Gaming giant EA has agreed to acquire
Respawn, the maker of the "Titanfall" video game franchise, for $455 million. The deal is the latest of several major moves this year in the entertainment software sector, which includes everything from mobile games to online gambling.
But when it comes to overall numbers, M&A activity in the space has fallen off dramatically after a record-setting 2016.
Global M&A activity in entertainment software
Annual deal counts have steadily leveled up over the past decade, with overall deal value closely tracking just a handful of monster deals, though. Last year was emblematic of that trend, with only two deals accounting for some $20 billion of the
$36.5 billion spent across 215 total transactions, per the PitchBook Platform.
Last June, Chinese internet giant Tencent agreed to buy an 84% stake in Finnish mobile game developer Supercell from SoftBank in a $10.2 billion acquisition that ranks as the largest in the entertainment software space during the past decade. Best known for making "Clash of Clans," Supercell boasted at the time of the deal that more than 100 million people play a title from their suite of games every day.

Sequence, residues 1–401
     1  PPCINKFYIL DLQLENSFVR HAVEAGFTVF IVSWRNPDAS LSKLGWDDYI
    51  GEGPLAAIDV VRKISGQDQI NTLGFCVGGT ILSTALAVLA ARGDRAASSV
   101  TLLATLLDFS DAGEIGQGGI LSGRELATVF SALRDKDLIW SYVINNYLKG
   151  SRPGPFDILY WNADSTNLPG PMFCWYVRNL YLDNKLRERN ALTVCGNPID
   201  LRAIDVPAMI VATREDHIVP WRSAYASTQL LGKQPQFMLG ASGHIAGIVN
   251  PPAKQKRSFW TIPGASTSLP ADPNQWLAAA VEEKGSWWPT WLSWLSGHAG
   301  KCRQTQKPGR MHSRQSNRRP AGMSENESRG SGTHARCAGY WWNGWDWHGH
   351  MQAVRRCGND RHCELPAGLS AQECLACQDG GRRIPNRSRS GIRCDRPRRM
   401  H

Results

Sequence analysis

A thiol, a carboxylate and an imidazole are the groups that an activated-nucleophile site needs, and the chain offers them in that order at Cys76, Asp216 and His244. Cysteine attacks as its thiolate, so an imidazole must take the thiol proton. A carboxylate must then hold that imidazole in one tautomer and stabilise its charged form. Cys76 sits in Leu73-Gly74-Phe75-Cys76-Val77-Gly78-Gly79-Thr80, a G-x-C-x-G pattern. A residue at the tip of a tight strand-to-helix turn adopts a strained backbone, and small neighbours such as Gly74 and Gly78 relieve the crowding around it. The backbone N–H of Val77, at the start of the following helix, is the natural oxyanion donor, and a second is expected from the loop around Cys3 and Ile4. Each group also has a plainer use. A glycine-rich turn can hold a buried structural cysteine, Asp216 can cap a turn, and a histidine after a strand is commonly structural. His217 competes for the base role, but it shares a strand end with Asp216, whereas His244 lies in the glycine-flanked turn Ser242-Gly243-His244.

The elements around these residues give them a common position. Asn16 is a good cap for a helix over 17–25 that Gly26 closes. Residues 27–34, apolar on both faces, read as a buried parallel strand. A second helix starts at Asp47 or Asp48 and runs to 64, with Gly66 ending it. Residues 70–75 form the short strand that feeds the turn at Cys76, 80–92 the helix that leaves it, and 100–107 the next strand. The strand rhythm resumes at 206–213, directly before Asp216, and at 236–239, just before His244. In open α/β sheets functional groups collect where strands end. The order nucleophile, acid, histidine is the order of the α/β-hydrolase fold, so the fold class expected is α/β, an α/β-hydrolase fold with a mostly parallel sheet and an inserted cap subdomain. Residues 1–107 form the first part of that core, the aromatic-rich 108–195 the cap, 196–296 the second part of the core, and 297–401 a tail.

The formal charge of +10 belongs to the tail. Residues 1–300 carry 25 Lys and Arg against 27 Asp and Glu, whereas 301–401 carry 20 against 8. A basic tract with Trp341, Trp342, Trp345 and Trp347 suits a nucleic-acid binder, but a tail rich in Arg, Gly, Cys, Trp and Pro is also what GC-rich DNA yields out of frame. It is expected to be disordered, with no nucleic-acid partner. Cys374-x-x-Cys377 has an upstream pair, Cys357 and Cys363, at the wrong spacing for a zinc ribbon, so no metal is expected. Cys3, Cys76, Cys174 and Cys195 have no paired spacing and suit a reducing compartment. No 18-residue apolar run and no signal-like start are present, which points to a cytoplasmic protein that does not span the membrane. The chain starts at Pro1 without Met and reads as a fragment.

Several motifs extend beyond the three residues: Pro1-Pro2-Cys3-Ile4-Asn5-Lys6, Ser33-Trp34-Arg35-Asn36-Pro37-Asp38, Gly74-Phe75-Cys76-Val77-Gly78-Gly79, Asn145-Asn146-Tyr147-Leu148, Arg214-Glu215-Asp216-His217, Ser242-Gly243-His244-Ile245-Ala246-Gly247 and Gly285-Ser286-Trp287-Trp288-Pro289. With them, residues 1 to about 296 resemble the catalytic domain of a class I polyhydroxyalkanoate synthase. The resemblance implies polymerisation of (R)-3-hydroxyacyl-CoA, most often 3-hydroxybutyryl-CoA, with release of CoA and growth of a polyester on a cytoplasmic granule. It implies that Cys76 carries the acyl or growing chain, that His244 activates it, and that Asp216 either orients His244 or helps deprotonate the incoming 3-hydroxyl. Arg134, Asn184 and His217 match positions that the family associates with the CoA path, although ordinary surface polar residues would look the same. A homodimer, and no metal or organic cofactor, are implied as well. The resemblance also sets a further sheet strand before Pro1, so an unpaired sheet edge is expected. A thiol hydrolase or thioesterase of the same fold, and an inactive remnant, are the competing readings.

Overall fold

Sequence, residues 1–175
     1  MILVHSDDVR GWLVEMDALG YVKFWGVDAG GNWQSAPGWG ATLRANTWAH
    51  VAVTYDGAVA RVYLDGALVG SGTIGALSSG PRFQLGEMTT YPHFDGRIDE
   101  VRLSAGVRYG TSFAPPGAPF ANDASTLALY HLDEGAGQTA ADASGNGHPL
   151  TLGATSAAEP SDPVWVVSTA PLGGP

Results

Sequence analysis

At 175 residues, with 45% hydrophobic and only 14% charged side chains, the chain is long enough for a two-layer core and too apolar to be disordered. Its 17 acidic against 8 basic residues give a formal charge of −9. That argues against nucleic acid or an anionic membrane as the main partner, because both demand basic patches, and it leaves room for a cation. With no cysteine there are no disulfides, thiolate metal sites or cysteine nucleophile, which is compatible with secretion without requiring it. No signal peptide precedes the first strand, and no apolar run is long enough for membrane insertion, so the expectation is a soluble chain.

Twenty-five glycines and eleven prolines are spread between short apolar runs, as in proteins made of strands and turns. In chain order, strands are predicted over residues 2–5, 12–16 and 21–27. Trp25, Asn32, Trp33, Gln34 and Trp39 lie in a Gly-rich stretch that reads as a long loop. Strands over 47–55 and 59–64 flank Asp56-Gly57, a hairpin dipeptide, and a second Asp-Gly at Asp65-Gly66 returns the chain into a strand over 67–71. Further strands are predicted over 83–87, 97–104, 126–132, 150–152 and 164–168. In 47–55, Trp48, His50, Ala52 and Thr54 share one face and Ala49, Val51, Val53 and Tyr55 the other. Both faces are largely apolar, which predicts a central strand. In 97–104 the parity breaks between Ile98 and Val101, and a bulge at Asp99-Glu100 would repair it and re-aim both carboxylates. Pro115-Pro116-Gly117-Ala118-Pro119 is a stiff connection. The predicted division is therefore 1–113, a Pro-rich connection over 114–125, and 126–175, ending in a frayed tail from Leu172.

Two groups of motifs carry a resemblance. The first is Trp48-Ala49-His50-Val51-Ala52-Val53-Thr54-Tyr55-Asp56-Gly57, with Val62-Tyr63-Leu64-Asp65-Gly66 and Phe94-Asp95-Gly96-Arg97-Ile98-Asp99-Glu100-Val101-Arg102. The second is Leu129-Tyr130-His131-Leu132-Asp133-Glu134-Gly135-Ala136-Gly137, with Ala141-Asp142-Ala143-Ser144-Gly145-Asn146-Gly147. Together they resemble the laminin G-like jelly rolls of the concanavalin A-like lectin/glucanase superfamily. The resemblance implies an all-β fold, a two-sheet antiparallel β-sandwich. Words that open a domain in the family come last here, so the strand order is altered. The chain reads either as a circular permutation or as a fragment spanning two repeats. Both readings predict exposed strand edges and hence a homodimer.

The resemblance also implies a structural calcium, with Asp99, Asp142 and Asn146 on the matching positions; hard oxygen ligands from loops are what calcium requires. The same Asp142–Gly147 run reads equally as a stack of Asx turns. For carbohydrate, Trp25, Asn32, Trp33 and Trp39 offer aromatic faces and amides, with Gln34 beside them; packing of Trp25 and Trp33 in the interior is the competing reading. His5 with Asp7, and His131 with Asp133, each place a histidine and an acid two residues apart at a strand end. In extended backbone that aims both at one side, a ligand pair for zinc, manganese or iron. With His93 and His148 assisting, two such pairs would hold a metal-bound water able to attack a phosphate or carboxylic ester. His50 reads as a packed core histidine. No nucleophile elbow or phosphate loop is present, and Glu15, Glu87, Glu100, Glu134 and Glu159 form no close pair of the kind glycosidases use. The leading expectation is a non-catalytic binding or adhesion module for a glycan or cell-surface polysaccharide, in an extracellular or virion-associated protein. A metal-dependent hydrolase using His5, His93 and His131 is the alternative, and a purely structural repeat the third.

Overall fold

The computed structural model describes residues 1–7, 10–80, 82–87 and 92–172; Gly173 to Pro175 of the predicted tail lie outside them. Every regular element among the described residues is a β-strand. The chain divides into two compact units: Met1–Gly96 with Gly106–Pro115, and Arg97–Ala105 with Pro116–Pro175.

Earlier in 2016, Ireland's Paddy Power and the UK's Betfair tied the knot on a roughly $10 billion merger, the latest of a series of deals in the online gaming space. Paddy Power's shareholders took a 52% stake in the combined company, with Betfair's backers owning the remainder. As The Wall Street Journal observed at the time, the deal was designed to address increased costs in the face of greater regulation of the betting industry.
New year, new deals
While activity and deal value are on track to decline in 2017, the year has already played host to a pair of billion-dollar takeovers in entertainment software.
In January, London's Outfit7, the maker of the Talking Tom app, was acquired for $1 billion by
a highly improbable buyer: Chinese peroxide maker Jinke Entertainment Culture, which went on to shed Talking Tom to holding company United Luck Group just four days later. In February, meanwhile, South Korean studio Netmarble Games completed its acquisition from Kabam of the game developer's studio in Vancouver, which is behind the game "Marvel: Contest of Champions."